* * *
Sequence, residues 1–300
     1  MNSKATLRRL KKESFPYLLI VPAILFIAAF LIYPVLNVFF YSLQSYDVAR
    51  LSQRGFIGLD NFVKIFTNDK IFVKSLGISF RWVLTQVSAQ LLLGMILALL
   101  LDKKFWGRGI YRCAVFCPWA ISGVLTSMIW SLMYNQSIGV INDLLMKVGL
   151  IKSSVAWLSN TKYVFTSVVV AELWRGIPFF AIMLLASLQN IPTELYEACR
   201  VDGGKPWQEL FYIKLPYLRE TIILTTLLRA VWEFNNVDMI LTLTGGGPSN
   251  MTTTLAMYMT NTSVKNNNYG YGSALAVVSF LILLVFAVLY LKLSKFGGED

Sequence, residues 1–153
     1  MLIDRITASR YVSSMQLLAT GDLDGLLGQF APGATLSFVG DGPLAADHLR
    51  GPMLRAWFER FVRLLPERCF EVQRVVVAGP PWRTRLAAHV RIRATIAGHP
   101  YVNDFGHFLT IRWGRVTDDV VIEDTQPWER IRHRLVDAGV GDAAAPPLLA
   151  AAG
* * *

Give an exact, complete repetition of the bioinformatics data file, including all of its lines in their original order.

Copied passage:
Sequence, residues 1–300
     1  MNSKATLRRL KKESFPYLLI VPAILFIAAF LIYPVLNVFF YSLQSYDVAR
    51  LSQRGFIGLD NFVKIFTNDK IFVKSLGISF RWVLTQVSAQ LLLGMILALL
   101  LDKKFWGRGI YRCAVFCPWA ISGVLTSMIW SLMYNQSIGV INDLLMKVGL
   151  IKSSVAWLSN TKYVFTSVVV AELWRGIPFF AIMLLASLQN IPTELYEACR
   201  VDGGKPWQEL FYIKLPYLRE TIILTTLLRA VWEFNNVDMI LTLTGGGPSN
   251  MTTTLAMYMT NTSVKNNNYG YGSALAVVSF LILLVFAVLY LKLSKFGGED

Sequence, residues 1–153
     1  MLIDRITASR YVSSMQLLAT GDLDGLLGQF APGATLSFVG DGPLAADHLR
    51  GPMLRAWFER FVRLLPERCF EVQRVVVAGP PWRTRLAAHV RIRATIAGHP
   101  YVNDFGHFLT IRWGRVTDDV VIEDTQPWER IRHRLVDAGV GDAAAPPLLA
   151  AAG